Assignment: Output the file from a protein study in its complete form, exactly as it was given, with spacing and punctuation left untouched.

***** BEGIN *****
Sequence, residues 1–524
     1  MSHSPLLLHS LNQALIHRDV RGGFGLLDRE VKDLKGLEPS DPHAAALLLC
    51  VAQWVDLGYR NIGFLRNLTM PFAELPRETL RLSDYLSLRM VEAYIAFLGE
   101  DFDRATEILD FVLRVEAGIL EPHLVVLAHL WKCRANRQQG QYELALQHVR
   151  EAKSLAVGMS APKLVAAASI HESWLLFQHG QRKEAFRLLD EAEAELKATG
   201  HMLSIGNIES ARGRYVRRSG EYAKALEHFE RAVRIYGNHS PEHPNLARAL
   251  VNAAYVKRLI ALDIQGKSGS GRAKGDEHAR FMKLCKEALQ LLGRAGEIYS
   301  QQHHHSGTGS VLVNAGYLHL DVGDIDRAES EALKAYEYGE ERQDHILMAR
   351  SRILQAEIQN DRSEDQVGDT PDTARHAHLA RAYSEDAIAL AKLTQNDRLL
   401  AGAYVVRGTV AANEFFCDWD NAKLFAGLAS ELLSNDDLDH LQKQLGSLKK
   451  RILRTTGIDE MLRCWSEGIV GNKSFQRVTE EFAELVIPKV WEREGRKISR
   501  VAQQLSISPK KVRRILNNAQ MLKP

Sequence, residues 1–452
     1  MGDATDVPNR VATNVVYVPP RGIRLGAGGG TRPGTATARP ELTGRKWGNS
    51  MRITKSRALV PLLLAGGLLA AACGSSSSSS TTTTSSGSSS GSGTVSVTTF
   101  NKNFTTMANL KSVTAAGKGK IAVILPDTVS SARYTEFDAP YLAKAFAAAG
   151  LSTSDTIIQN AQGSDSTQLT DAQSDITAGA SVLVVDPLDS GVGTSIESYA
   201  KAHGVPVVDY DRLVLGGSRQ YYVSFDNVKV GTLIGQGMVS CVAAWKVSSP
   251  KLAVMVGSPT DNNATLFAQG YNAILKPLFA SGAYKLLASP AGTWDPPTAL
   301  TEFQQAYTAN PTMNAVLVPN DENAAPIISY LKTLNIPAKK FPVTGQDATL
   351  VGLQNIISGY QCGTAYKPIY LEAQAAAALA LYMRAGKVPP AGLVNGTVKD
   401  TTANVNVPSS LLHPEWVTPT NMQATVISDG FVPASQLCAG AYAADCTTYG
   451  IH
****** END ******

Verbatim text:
Sequence, residues 1–524
     1  MSHSPLLLHS LNQALIHRDV RGGFGLLDRE VKDLKGLEPS DPHAAALLLC
    51  VAQWVDLGYR NIGFLRNLTM PFAELPRETL RLSDYLSLRM VEAYIAFLGE
   101  DFDRATEILD FVLRVEAGIL EPHLVVLAHL WKCRANRQQG QYELALQHVR
   151  EAKSLAVGMS APKLVAAASI HESWLLFQHG QRKEAFRLLD EAEAELKATG
   201  HMLSIGNIES ARGRYVRRSG EYAKALEHFE RAVRIYGNHS PEHPNLARAL
   251  VNAAYVKRLI ALDIQGKSGS GRAKGDEHAR FMKLCKEALQ LLGRAGEIYS
   301  QQHHHSGTGS VLVNAGYLHL DVGDIDRAES EALKAYEYGE ERQDHILMAR
   351  SRILQAEIQN DRSEDQVGDT PDTARHAHLA RAYSEDAIAL AKLTQNDRLL
   401  AGAYVVRGTV AANEFFCDWD NAKLFAGLAS ELLSNDDLDH LQKQLGSLKK
   451  RILRTTGIDE MLRCWSEGIV GNKSFQRVTE EFAELVIPKV WEREGRKISR
   501  VAQQLSISPK KVRRILNNAQ MLKP

Sequence, residues 1–452
     1  MGDATDVPNR VATNVVYVPP RGIRLGAGGG TRPGTATARP ELTGRKWGNS
    51  MRITKSRALV PLLLAGGLLA AACGSSSSSS TTTTSSGSSS GSGTVSVTTF
   101  NKNFTTMANL KSVTAAGKGK IAVILPDTVS SARYTEFDAP YLAKAFAAAG
   151  LSTSDTIIQN AQGSDSTQLT DAQSDITAGA SVLVVDPLDS GVGTSIESYA
   201  KAHGVPVVDY DRLVLGGSRQ YYVSFDNVKV GTLIGQGMVS CVAAWKVSSP
   251  KLAVMVGSPT DNNATLFAQG YNAILKPLFA SGAYKLLASP AGTWDPPTAL
   301  TEFQQAYTAN PTMNAVLVPN DENAAPIISY LKTLNIPAKK FPVTGQDATL
   351  VGLQNIISGY QCGTAYKPIY LEAQAAAALA LYMRAGKVPP AGLVNGTVKD
   401  TTANVNVPSS LLHPEWVTPT NMQATVISDG FVPASQLCAG AYAADCTTYG
   451  IH